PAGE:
Startup funding in India plummeted by 33% to $6.9 billion
According to the data intelligence platform's report, 121 new firms completed their first funding rounds in Q2, four startups became unicorns, 62 startups were acquired, and five startups filed for an initial public offering (IPO).
“Though investors are a little wary due to the current environment, it hasn't dampened the investment spirit of the community. They have become more decisive about the startups they want to nurture and are focusing extensively on a long-term perspective,” said Abhishek Goyal, cofounder, Tracxn.
VerSe Innovation--which runs Dailyhunt, Delhivery, Udaan, ShareChat, and upGrad were the top five players in Q2 in terms of fundraising as Indian startups raised an overall $6.9 billion across 409 funding rounds. Bengaluru, Delhi, and Mumbai were the top cities drawing the most investment, the report stated. Delhivery raised new capital through its public issue in May while Udaan's fund-raise is through convertible notes.
The total valuation of unicorns increased to $31.8 billion in Q2 due to the emergence of new unicorns such as Leadsquared, Purplle, PhysicsWallah, and Open. Among exits, the top three acquisitions in Q2 were Blinkit (by Zomato), Whiteteak (by Asian Paints), and MyHQ (by Anarock). The five startups that filed for IPOs were eMudhra, Delhivery, Handicrafts village, Eighty Jewellers, and Veranda Learning Solutions.
The flood of venture capital directed at Indian startups in recent years is drying up even as a stream of global investors, including the likes of Sequoia Capital, caution entrepreneurs about turbulent financial markets. Big-ticket funding rounds have suffered a huge blow in the past two months signalling a reluctance among investors to write large cheques.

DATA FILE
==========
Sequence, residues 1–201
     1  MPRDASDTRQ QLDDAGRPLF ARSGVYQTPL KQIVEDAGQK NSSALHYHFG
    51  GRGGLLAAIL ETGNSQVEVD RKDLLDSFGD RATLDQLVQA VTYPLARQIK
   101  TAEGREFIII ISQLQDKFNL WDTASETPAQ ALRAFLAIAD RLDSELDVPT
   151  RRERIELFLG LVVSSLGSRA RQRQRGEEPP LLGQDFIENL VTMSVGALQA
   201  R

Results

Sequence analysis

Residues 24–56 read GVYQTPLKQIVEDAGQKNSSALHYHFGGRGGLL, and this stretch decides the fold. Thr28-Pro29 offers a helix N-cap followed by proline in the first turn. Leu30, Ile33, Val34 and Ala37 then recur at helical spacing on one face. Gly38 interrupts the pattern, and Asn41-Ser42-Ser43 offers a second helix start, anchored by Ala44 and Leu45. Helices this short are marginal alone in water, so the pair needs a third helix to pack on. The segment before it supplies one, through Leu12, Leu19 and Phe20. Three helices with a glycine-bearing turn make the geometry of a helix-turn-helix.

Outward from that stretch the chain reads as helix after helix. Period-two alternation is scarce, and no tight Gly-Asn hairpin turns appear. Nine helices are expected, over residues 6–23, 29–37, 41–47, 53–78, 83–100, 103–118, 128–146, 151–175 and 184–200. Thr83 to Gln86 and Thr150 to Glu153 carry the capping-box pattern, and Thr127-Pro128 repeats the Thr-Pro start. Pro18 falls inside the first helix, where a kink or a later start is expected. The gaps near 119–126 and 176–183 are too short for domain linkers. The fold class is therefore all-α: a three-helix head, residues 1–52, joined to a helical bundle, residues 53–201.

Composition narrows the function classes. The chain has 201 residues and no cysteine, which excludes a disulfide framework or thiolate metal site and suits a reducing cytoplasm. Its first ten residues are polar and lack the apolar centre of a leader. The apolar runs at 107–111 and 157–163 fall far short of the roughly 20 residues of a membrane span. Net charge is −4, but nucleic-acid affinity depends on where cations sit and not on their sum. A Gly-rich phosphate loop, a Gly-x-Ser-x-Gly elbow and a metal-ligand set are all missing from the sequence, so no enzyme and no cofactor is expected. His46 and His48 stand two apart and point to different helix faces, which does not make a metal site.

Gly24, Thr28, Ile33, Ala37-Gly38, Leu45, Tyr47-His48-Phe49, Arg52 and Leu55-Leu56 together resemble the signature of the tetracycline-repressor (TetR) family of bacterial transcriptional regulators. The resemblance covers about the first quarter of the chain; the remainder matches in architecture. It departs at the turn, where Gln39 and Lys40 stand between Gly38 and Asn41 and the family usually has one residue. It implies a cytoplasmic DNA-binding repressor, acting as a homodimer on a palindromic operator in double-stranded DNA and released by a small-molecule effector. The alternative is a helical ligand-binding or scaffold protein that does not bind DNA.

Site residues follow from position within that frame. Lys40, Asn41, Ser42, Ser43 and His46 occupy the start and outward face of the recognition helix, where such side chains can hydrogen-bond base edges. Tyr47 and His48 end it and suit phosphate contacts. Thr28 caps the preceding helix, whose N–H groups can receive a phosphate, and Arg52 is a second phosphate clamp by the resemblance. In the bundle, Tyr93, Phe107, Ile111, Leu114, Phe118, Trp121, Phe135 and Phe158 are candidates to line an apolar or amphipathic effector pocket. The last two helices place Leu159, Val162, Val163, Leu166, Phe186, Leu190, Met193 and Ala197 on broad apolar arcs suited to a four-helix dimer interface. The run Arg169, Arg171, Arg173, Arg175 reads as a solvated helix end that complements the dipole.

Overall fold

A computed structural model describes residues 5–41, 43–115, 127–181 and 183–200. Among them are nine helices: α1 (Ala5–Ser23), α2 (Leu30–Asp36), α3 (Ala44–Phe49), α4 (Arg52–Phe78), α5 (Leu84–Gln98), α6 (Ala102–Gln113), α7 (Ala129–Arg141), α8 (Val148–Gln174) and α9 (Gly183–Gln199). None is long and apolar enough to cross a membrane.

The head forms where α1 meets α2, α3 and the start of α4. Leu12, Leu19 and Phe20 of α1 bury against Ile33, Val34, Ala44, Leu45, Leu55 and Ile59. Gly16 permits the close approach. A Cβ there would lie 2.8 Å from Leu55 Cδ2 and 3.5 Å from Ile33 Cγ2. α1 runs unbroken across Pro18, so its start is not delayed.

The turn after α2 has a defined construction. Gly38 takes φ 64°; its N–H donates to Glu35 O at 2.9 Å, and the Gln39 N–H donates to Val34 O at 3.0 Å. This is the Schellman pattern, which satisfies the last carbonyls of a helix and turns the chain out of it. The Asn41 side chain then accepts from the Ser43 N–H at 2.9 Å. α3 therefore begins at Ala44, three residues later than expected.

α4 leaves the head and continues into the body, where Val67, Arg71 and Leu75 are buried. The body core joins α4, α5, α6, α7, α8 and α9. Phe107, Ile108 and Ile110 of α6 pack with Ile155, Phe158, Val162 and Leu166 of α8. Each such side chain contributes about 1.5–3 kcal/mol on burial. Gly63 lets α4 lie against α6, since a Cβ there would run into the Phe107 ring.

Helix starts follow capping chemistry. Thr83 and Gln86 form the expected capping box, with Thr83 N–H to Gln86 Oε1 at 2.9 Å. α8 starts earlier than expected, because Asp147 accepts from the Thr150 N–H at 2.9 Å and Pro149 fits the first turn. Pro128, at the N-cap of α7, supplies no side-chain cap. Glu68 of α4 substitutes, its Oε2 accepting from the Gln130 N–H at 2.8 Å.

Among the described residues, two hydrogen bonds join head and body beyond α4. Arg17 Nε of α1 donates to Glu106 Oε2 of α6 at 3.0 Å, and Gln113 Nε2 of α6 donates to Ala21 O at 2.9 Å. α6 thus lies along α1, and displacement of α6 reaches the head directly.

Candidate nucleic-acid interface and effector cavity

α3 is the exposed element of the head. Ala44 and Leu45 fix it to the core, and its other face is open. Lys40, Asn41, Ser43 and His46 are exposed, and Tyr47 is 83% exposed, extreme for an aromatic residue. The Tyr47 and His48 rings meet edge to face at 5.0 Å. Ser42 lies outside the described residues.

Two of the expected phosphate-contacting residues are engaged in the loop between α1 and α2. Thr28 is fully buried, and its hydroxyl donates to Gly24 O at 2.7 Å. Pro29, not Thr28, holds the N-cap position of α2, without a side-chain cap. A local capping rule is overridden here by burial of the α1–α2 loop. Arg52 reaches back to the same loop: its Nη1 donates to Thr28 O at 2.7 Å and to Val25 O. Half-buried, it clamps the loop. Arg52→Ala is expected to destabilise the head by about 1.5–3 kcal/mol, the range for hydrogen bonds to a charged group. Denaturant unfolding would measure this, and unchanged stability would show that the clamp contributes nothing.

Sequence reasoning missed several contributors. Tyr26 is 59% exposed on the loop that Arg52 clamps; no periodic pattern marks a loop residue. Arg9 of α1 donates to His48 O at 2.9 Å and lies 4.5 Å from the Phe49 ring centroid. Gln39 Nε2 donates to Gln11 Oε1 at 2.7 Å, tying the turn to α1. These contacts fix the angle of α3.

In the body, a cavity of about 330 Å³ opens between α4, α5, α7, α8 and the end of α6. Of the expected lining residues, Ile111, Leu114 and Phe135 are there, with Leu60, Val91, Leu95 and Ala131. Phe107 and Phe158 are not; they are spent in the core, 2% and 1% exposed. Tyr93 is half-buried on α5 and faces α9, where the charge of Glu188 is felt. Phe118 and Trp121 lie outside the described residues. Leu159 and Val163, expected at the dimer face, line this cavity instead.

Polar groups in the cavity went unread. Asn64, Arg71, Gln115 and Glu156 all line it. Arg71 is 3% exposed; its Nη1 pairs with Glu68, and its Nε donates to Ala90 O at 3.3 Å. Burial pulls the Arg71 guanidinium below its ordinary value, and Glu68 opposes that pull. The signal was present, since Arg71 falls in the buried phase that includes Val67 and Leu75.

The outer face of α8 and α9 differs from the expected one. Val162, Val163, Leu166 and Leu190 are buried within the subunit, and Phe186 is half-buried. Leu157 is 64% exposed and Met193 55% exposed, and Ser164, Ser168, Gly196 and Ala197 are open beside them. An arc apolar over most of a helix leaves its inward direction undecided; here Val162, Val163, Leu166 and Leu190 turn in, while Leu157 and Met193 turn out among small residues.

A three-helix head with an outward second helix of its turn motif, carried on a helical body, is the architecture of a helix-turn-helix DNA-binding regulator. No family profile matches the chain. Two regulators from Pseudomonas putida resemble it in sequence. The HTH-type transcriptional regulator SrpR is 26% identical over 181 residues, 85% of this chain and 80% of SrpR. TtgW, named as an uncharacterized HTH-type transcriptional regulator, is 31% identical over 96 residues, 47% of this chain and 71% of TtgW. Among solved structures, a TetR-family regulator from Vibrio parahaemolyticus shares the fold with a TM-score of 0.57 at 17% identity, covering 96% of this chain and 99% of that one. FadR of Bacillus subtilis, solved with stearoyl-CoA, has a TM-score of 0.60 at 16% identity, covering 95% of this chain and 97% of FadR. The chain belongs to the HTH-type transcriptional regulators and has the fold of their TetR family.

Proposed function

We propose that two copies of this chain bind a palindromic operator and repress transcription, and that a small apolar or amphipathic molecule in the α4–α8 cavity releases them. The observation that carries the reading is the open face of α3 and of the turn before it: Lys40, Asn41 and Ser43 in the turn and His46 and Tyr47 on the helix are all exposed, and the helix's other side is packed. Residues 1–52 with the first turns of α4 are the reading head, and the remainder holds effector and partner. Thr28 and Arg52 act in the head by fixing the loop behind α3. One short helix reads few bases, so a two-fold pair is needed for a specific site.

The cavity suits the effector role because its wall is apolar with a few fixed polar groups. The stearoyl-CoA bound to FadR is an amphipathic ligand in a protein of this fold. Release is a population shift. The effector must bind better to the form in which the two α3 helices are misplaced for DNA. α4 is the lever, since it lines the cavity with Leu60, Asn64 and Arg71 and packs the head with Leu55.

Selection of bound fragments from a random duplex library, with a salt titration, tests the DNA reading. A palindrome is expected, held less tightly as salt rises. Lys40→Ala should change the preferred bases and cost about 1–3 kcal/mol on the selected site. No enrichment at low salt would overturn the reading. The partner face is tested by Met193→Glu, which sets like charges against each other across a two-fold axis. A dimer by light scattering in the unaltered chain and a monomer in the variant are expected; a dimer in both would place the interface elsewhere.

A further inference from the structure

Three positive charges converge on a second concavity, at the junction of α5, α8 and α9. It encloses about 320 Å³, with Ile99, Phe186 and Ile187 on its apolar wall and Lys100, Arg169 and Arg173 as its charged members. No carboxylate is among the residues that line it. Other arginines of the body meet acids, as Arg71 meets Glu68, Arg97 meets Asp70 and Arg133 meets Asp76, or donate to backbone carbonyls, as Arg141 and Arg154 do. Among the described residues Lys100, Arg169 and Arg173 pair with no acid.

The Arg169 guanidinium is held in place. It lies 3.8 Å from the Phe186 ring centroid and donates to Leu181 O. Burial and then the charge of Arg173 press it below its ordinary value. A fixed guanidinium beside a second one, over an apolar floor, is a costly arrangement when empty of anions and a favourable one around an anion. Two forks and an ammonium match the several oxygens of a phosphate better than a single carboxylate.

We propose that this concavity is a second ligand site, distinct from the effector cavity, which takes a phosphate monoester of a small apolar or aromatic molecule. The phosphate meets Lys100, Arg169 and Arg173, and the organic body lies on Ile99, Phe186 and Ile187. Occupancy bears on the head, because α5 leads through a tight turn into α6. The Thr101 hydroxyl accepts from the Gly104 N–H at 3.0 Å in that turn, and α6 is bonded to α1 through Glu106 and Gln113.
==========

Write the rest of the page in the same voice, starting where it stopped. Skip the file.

“Late-stage financing is where we have seen a bit of pause, and most of the aggregate dollar value for the ecosystem comes from late-stage deals. And if the late-stage funds slow down, it looks like the ecosystem is slowing down,” Rahul Taneja, partner at Lightspeed Venture Partners, who is of the view that the early-stage (funding) ecosystem hasn't changed that much, had said.
The global macroeconomic conditions triggered by all-time high inflation, fears of recession, and hikes in interest rates by the central banks, particularly the US Federal Reserve, were further exacerbated by the ongoing Russia-Ukraine war. This has affected markets worldwide as publicly-traded technology stocks continue to take a beating, thus dampening the overall investor sentiment.
Data from other research firms, too, corroborate with falling numbers. Data from Venture Intelligence reveals that venture capital (VC) funding in Indian startups dipped 37% in Q2 of this calendar year to $6.9 billion compared with $11 billion in Q1. Additionally, for the first half of the year, the overall investments stood at $17.9 billion, a 36% increase from the same period last year.
“There are so many external factors that are driving this (funding) freeze it is reasonable to expect this is going to last for another 12 months,” Sanjay Swami, managing partner at Prime Venture Partners said.